50 years ago: Tucson couple broke down barriers to interracial marriage

Posted in Articles, Asian Diaspora, History, Law, Media Archive, United States on 2016-11-05 01:51Z by Steven

50 years ago: Tucson couple broke down barriers to interracial marriage

Arizona Capital Times

Luige del Puerto

Henry Oyama was beaming as he led his new bride from the altar of St. Augustine Cathedral in Tucson 50 years ago. She was wearing a traditional white wedding dress, and her left hand was grasping the right arm of her man.

The photos taken that day might leave the impression nothing was out of place, as if it was any other marriage ceremony. But in 1959 the country was on the brink of a major cultural shift to eliminate racism, and the Oyamas had just fought a landmark court battle to overturn an Arizona law that prohibited interracial marriage.

Because Henry Oyama is of Japanese descent and Mary Ann Jordan was white, together they broke down the race-based law that was intended to keep them apart.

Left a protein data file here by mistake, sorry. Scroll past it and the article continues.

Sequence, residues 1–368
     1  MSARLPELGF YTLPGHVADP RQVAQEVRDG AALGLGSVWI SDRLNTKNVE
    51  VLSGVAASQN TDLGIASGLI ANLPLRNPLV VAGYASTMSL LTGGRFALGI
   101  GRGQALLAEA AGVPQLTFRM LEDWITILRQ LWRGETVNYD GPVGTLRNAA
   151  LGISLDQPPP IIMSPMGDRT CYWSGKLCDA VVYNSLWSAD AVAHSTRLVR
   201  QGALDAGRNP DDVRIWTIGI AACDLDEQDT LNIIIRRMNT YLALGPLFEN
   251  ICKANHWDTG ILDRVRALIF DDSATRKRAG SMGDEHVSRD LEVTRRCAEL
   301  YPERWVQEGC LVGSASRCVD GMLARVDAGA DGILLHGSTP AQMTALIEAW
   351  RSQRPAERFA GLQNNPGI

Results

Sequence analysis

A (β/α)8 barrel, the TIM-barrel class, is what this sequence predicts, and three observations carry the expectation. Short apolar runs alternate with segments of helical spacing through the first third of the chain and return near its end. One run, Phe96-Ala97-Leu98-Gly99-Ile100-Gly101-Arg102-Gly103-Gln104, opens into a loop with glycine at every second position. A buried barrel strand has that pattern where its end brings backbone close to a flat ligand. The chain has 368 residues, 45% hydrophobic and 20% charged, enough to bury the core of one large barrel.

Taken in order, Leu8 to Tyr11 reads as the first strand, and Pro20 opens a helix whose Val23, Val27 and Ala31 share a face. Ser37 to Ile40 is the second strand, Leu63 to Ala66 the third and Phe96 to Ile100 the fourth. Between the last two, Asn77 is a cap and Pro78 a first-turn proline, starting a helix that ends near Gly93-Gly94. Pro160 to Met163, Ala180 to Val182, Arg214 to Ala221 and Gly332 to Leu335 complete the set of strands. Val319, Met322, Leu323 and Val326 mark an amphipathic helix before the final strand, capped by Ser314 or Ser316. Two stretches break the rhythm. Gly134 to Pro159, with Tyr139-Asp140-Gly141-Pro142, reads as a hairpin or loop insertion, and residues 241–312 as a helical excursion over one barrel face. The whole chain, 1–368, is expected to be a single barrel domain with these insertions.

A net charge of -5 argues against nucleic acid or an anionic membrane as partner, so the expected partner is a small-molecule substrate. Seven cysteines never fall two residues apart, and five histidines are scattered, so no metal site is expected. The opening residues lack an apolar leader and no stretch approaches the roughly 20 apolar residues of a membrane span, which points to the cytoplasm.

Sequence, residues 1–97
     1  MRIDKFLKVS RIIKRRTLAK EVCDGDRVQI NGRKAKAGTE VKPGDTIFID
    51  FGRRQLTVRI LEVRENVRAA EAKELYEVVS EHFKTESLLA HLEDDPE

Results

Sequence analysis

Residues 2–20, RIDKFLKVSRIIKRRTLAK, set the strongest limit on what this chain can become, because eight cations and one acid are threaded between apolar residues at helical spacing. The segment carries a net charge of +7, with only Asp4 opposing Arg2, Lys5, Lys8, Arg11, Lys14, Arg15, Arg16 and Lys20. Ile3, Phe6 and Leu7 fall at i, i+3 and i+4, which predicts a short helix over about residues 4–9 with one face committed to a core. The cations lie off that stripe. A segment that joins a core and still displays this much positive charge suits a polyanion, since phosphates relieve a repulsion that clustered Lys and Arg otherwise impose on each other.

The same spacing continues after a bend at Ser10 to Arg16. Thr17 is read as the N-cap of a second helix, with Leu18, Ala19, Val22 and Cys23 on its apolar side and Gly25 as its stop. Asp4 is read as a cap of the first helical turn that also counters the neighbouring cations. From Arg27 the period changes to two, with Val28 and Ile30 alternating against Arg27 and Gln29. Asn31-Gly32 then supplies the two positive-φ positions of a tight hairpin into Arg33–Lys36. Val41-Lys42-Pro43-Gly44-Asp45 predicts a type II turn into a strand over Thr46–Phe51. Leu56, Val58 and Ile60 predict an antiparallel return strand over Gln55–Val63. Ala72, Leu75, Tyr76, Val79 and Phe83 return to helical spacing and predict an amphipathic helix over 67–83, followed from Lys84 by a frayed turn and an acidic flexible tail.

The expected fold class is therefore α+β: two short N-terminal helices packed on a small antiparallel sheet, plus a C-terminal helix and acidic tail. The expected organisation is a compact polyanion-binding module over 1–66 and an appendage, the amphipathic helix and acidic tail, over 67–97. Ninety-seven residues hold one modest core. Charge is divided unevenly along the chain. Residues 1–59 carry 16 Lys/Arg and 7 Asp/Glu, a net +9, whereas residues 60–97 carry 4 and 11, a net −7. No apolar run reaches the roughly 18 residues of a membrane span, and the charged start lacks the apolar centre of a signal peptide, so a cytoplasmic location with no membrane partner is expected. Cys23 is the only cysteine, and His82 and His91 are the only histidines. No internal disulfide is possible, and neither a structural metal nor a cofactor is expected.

The law itself made it illegal for a Caucasian to marry a non- Caucasian, so Oyama felt the onus was on the white person who wanted to marry someone of another race.

“Naturally, the criticism would come more to her,” Oyama said, adding that Mary Ann’s parents believed at the time that their daughter was making herself a target.

The 83-year-old Oyama knows better than most what it’s like to be a target. He spent two years in an internment camp at the beginning of World War II, and he later served the United States as a spy in Panama

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